Duron vs. Thunderbird
This content was originally featured on Amdmb.com and has been converted to PC Perspective's website. Some color changes and flaws may appear.
Cooling these processors was a major consideration before any of the testing was completed. Even at their default speed, the Duron and Thunderbird create an intense amount of heat and using an improper heatsink/fan combination will surely leave you with a dead hunk of silicon on your hands.
The Thunderbird 800 MHz was my second of this processor, the first of which is laying the stack of computer hardware labeled “I’m a dumbass.” While using my first Socket A motherboard, the AZ11 from FIC, I had a heatsink that was large and seemed competent for the job at hand: cooling a Socket A 800 MHz processor. I used it on Coppermines before, and the sockets and nearly identical in size, so I gave it a go. After about 15 seconds on the test bench, during initial posting and boot up, I noticed the air had a scent of “burn” in it. I quickly unplugged the power supply, and removed the heatsink from the motherboard. Taking the processor out showed to be more difficult, as nearly touching it singed my fingers. I ended up getting it out using a ball-point pen (also not a good idea) and was shocked to see the warranty sticker MCS had placed on the bottom of the CPU, once bright green color was now a charred-brown color.
So, I then called my sales rep at MCS and had them send me five of their heatsinks that were AMD approved, and I have never had problem since. Many of you may wonder whether or not the overclocking of the CPUs demands a better, larger fan or heatsink. While I haven’t done any intense testing on the subject, my opinion is this: if you are overclocking to over 1 GHz, you need better cooling. If you are staying under the 1000 level, and AMD approved heatsink will work well enough.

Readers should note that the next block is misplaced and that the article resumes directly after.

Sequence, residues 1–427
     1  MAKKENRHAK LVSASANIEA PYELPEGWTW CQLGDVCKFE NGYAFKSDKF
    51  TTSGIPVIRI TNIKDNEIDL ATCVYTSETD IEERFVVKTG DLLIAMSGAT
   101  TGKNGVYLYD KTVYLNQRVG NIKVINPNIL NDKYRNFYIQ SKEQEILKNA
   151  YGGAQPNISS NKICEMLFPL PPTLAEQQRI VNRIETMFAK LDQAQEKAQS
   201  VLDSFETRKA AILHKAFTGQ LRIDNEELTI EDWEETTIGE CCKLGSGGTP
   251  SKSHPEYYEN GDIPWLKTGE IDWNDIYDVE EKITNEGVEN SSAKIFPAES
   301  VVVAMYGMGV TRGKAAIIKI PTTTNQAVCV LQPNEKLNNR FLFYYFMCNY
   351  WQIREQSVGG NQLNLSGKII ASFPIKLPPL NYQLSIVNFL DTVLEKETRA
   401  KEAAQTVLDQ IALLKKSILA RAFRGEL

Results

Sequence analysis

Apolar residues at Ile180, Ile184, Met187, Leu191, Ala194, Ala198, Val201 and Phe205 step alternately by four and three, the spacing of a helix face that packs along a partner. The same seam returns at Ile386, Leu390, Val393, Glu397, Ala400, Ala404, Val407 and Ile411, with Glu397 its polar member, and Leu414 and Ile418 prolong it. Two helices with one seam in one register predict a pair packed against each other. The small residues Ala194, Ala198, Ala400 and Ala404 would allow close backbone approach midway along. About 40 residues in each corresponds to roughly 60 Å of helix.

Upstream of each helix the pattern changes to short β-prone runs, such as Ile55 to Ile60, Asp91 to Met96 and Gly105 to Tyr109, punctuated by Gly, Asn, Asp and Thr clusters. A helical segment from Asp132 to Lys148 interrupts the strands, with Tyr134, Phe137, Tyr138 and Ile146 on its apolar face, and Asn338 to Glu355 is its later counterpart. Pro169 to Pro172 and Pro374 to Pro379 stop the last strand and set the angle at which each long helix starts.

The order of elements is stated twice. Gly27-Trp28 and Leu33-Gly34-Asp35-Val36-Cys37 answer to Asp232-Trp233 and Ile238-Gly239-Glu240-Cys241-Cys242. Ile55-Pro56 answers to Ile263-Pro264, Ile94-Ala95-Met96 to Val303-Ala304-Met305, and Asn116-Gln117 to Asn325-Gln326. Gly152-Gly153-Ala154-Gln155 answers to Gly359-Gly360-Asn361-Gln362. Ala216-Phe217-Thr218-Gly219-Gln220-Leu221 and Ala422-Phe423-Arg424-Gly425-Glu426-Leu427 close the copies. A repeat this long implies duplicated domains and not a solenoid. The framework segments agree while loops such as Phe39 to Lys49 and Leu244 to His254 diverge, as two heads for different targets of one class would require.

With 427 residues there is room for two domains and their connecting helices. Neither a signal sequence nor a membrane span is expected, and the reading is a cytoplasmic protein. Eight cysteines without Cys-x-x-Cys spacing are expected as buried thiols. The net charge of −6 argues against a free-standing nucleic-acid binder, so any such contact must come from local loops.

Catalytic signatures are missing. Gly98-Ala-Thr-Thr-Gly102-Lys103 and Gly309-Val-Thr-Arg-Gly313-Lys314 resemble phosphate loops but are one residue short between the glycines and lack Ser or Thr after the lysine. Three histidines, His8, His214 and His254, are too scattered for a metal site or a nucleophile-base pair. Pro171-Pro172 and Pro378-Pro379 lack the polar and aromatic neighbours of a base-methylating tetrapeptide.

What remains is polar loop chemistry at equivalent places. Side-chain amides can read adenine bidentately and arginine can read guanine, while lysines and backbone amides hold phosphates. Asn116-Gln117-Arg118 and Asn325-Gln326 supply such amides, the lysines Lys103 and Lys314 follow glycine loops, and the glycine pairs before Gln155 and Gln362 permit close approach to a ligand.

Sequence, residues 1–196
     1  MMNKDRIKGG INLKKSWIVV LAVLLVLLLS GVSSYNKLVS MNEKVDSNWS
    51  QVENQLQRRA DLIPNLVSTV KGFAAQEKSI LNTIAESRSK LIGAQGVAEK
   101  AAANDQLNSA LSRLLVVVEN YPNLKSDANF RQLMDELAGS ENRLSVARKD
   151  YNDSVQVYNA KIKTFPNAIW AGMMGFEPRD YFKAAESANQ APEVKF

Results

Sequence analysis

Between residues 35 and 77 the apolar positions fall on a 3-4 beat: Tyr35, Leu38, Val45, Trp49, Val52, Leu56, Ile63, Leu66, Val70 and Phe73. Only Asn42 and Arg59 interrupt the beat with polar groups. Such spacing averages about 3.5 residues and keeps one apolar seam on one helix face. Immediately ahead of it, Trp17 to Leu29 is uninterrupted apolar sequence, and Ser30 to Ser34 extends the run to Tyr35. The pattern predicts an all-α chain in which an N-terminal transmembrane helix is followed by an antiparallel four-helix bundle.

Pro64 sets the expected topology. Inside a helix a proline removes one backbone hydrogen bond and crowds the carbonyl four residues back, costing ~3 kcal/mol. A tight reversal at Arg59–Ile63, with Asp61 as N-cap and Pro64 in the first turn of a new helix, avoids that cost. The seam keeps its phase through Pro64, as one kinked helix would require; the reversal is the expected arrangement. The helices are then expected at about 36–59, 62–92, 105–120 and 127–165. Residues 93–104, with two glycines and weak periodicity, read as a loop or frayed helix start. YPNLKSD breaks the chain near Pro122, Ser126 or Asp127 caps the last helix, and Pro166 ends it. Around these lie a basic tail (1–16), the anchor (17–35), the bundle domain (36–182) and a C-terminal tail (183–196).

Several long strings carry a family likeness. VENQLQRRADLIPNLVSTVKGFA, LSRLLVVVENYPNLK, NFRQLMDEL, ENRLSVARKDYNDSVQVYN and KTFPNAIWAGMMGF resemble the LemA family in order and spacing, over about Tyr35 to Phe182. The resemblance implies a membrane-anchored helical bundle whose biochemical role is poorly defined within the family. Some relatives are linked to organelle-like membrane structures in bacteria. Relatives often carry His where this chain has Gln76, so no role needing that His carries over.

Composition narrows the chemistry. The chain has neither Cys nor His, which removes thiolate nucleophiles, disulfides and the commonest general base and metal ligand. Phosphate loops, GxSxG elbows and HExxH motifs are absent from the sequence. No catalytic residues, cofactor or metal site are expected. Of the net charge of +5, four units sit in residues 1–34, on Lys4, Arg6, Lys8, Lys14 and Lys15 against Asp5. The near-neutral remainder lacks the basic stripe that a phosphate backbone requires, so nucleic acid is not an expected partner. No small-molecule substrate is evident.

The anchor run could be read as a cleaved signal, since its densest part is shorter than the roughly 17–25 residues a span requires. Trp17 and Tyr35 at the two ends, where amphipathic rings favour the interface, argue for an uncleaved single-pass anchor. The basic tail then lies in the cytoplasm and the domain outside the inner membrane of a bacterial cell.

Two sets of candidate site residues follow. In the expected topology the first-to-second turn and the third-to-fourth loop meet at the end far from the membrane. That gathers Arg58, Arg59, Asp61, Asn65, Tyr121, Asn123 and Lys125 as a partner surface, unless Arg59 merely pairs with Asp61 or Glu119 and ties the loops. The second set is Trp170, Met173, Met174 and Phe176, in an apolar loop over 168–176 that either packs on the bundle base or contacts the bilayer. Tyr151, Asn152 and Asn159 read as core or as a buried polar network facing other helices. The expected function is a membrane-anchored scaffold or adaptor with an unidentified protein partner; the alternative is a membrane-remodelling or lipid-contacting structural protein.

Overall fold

The heatsink/fan combination we used was the CoolerMaster DP5-5H-51. We also used some copper heat plates from 3DCOOL.COM that simply give the CPU more area with which to move heat to the heatsink with.
As mentioned earlier, testing a 700 MHz processor against an 800 MHz processor really isn’t fair in any aspect. So, I decided to overclock the CPUs to reach an equal speed. But instead of just bringing the 700 MHz Duron up to the 800 Mhz of the Thunderbird, I decided to go one step further and push both processors to 900 MHz. This way, the testing is showing the results of the higher end, newer processors instead of “out-dated” 800 MHz ones. :)
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